The Joint Opposition (JO) is all but flogging a dead horse calling for Provincial elections in the midst of so many other outstanding issues in the country – knowing only too well that the chances of these elections taking place are as unlikely as ‘a snowball’s chance in hell’. They ought to know, if they [...]


JO putting politics before country


The Joint Opposition (JO) is all but flogging a dead horse calling for Provincial elections in the midst of so many other outstanding issues in the country – knowing only too well that the chances of these elections taking place are as unlikely as ‘a snowball’s chance in hell’.

They ought to know, if they don’t already, that a bigger election is scheduled any time after January 8 next year, but not later than January 2020 and therefore, given the bitter lesson this Government received from the electorate at the recent Local Government elections, it is not going to chance another defeat so close to the impending Presidential and/or Parliamentary poll.

A new legal theory has also sprouted this week that the populist former President Mahinda Rajapaksa can contest another Presidential election adding to the worries of the incumbents in office. Whether this interpretation will stand the scrutiny of a Constitutional Court, if ever tested, is another matter.

The entire thrust of the JO’s latest campaign overdrive for Provincial Council elections is a short-sighted selfish approach to a national issue – which is whether the Provincial Councils system is in fact, the best form of devolution for the country seeing how it has worked for 30 years on the trot. The JO merely wants a stepping stone to propel its wider campaign for an electoral victory at the larger national polls to follow. In short, a better footing to return to power; politics before country.

The entire exercise of the JO therefore revolves around elections – which the Government is trying to avoid by hook or by crook so that it could avert embarrassing itself in the face of a national election. Neither side seems to care two hoots whether Provincial Councils serve man or beast in the country.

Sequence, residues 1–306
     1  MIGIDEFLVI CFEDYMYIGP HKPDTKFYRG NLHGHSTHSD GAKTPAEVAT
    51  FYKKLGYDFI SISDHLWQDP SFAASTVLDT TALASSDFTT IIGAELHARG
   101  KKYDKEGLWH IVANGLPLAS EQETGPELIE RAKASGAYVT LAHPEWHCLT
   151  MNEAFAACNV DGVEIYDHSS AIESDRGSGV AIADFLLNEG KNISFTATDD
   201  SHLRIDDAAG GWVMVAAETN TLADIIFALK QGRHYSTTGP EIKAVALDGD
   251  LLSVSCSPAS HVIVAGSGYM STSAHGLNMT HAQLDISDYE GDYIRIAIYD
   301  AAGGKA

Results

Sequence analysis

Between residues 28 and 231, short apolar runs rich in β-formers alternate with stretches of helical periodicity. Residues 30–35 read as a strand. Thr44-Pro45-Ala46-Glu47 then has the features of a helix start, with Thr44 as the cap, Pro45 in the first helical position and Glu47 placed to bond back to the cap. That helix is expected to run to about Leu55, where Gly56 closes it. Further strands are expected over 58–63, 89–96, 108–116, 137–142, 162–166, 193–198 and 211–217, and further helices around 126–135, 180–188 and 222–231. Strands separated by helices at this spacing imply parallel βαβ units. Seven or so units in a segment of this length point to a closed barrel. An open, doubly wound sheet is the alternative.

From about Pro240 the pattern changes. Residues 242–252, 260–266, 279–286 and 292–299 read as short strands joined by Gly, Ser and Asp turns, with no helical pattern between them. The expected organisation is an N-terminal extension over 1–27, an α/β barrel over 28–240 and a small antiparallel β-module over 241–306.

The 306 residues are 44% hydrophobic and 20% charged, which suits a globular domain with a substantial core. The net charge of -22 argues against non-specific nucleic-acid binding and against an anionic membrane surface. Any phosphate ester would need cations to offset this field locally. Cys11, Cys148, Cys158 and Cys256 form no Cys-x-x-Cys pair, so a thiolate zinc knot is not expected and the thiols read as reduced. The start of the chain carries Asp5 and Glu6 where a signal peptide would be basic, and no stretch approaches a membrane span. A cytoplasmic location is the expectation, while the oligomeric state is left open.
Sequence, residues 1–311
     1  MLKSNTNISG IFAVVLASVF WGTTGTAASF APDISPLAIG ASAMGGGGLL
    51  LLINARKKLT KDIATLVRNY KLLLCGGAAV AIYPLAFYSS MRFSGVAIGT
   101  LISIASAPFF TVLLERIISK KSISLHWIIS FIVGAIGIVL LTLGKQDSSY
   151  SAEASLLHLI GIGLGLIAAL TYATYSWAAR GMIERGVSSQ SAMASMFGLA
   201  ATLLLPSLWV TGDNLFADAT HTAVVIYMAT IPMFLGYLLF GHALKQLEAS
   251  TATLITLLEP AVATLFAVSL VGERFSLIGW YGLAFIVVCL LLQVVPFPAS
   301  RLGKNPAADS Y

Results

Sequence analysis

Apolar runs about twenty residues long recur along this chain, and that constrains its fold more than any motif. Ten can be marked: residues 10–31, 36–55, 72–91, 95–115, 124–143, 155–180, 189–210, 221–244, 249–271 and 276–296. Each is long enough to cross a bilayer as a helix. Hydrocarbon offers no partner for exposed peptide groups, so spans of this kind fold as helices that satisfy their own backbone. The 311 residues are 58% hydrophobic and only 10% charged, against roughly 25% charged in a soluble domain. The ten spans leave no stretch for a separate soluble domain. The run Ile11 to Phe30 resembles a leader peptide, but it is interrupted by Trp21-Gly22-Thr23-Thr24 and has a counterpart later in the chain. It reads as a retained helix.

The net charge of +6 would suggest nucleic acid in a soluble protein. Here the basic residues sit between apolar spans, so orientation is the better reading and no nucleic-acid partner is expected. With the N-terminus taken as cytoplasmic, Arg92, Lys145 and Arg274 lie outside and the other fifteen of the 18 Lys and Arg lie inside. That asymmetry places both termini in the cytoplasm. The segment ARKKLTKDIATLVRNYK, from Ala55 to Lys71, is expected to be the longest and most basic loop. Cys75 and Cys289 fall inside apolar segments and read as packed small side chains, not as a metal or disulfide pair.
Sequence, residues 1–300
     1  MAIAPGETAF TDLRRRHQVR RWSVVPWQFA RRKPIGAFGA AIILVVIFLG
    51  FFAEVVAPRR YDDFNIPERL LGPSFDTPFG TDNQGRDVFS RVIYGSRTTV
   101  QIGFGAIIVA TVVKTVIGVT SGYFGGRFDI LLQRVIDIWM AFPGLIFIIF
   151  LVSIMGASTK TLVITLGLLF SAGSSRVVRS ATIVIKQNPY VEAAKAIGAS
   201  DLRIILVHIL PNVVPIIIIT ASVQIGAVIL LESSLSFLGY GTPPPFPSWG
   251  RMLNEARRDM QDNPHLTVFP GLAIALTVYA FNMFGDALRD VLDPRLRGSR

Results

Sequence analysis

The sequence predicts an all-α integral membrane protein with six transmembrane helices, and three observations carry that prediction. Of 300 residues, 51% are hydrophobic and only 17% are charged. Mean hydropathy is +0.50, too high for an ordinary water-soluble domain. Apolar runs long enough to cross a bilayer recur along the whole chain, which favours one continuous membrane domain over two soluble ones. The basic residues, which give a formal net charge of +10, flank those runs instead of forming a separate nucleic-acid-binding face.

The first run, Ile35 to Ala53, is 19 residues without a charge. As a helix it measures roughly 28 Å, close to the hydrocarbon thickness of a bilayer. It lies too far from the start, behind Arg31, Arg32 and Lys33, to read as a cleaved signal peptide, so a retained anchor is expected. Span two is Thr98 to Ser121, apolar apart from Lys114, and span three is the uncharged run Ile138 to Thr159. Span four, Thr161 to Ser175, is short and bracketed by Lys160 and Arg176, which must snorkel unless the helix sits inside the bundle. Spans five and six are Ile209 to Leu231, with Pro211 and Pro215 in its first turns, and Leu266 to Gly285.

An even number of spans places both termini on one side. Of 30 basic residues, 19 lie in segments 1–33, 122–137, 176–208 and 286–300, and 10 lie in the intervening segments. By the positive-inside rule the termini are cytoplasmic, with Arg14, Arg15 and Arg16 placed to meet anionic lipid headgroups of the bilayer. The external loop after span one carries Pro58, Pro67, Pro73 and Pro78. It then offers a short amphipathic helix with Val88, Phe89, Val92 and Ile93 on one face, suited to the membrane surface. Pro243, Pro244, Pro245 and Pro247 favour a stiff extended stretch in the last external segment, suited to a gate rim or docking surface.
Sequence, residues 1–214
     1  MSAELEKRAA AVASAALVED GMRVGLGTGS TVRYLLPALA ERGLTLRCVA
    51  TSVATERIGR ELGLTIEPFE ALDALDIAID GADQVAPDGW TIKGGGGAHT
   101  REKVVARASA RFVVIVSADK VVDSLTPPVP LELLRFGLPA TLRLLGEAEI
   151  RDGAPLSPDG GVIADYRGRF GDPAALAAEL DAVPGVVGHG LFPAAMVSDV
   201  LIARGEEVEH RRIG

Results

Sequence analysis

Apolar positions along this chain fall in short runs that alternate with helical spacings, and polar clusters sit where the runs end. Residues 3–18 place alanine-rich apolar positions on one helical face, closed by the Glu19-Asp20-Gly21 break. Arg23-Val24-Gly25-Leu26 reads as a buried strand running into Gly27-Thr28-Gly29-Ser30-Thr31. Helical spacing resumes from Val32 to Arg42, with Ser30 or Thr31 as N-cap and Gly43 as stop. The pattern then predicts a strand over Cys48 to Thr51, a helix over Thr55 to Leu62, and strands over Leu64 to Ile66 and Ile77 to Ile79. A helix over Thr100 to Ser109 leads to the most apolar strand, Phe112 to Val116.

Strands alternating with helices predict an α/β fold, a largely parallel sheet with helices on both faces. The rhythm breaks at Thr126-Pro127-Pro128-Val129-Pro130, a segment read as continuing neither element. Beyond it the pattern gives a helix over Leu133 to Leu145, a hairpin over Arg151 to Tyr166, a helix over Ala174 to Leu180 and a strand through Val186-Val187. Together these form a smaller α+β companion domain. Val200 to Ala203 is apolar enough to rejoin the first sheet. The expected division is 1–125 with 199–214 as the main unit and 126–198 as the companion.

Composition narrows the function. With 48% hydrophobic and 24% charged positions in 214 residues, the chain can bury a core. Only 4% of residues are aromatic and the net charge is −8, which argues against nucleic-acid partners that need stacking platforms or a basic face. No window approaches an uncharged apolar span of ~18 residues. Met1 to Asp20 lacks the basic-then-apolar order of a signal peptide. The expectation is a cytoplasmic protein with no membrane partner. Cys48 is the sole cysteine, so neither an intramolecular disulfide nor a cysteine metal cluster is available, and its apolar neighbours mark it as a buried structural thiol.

The Northern PC, for which the Provincial Council system was originally introduced in 1987 amidst virulent opposition from those now clamouring for elections to it, is in total disarray. The Chief Minister has sacked his Ministers who have got stay orders from Court; the Governor says they have more Ministers than they could have under the law; and the party (TNA) that runs the Council is willing to postpone elections to the Council to get rid of the Chief Minister.

In the Western PC, they are purchasing a chair for councillors to sit on costing Rs, 650,000 each. In other PCs “study tours” abroad are the first thing undertaken by all the parties except the JVP. All they seem to do is duplicate the work of the Central Government, overlap with the work of Local Government councils, and merely pass resolutions which mean nothing to the people. Next week, Parliament is to debate the report of the Delimitation Committee that has carved out electorates within the PCs, so the emphasis is still on elections rather than on geographic prudence. It should not be an exercise for merely having elections and for political parties to flex their muscle and show off their voter base.

It is now time for the Central Government to undo the mistake of 1987 and rethink devolution of power in a Sri Lankan context; rethink re-introducing District Councils, or something that is genuinely in the best interest of the people, not something we have to live with merely because it was forced down the nation’s throat.

A case for Contempt of Court Law